Outsource me! by Leonardo Solaas
"Outsource me!" by Leonardo Solaas presents a competition within the competition of Readme 100. This ironic subversion is repeated on various levels of the project: it subverts the usual outsourcing relationships, as well as subverting the idea of the delegation of "technical" work by the "creative" artist to an “uncreative” programmer (or any "hands-on" person). [...]
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Outsource me!

"Outsource me!" by Leonardo Solaas presents a competition within the competition of Readme 100. This ironic subversion is repeated on various levels of the project: it subverts the usual outsourcing relationships, as well as subverting the idea of the delegation of "technical" work by the "creative" artist to an “uncreative” programmer (or any "hands-on" person). One proof of the project's success is in the discussion that happened in the comment threads on Solaas's call for submissions to be his employer [1]. Irony does not transcend all borders: one person took the call literally and was dismayed by the apparent reiteration of the same old pattern of the "uncreative programmer" and "handless artist."

"Outsource me!" is a two-phase project: a recruiting phase and a production phase. When he posted the call for ideas, Solaas, who is Argentinean, considered limiting the circle of potential "employers" to people from so-called developed countries. This twist could have made the project funnier but could have seriously limited its scope, so Solaas and the Readme 100 organizers (who acted as Solaas's "meta-employer") decided to leave this option out. The mere fact that potential employers had to look through Solaas's lists of skills, interests and past works when deciding whether an idea is suitable for him seemed enough of an ironic twist.

Among the submitted projects - which were of a generally high level - were a few excellent ones. A favorite of this text’s authors was “Appagotchi” by Eric Londaits, another of whose submissions was eventually selected to be realized. “Appagotchi” suggests creating a simple software application that must be nurtured (opened, closed, saved, etc.) similar to a Tamagotchi pet; only if it is sufficiently cared for will it grow into a full-featured, overly-complicated application. “Appagotchi” turned out to be too complex a project to be realized in the short time period available, so Solaas and the Readme 100 organizers decided against it. Having to negotiate with both an employer and a meta-employer must not have been an easy task for Solaas, especially given the weight of all the project’s accumulated irony. One wonders if he is personally satisfied with the results of his project's subverted logic, or if he eventually tired of dealing with the multiple twists and levels of supervision he had devised. Then again, real jobs quite often involve the stress of coping with multiple supervisors who have conflicting sets of demands and priorities, and who, despite existing within organizations that often have meticulously organized institutional structures, somehow manage to function as if there were no coordination at all. Maybe Solaas's project isn't so ironic after all - or maybe it simply reminds us of one of the painful ironies of working life.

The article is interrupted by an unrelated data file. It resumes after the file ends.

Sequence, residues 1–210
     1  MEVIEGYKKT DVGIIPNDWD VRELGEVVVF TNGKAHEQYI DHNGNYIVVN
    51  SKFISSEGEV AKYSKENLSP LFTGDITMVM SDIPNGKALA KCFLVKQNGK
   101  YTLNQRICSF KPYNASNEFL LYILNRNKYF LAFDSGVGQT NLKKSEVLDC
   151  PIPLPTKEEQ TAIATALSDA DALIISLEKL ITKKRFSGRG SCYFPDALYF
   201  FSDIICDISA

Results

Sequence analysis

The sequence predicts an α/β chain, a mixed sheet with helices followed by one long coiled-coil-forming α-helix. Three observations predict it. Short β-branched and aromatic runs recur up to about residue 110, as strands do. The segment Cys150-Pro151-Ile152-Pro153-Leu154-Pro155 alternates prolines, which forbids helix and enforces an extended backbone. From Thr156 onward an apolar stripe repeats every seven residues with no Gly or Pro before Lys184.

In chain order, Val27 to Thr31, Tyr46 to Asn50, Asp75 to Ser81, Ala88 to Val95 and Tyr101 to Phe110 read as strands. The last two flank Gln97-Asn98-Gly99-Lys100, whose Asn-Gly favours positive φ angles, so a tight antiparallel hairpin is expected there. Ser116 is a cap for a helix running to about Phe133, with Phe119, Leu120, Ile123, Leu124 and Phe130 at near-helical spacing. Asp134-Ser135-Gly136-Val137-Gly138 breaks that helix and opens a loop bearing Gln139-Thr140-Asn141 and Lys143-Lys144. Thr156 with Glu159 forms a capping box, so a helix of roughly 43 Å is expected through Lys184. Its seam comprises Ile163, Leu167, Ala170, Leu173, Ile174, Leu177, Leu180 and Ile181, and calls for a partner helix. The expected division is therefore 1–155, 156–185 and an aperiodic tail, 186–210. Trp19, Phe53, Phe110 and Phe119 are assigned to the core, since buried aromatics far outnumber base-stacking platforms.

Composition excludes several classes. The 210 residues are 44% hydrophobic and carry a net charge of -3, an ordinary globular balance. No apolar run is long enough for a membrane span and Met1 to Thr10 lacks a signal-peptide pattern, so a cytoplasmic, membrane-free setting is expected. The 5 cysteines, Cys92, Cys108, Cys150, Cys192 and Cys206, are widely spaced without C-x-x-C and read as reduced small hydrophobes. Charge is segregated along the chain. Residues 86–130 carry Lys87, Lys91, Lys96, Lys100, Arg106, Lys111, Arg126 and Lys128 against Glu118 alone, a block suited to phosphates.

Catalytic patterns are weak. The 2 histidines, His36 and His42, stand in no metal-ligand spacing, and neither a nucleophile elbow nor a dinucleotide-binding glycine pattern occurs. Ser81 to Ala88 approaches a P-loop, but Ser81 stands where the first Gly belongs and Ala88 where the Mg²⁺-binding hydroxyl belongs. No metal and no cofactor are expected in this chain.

Amy Alexander, Olga Goriunova

[1] See http://rhizome.org/thread.rhiz?thread=18625&page=1#35596

by admin, posted 15 Feb 2006


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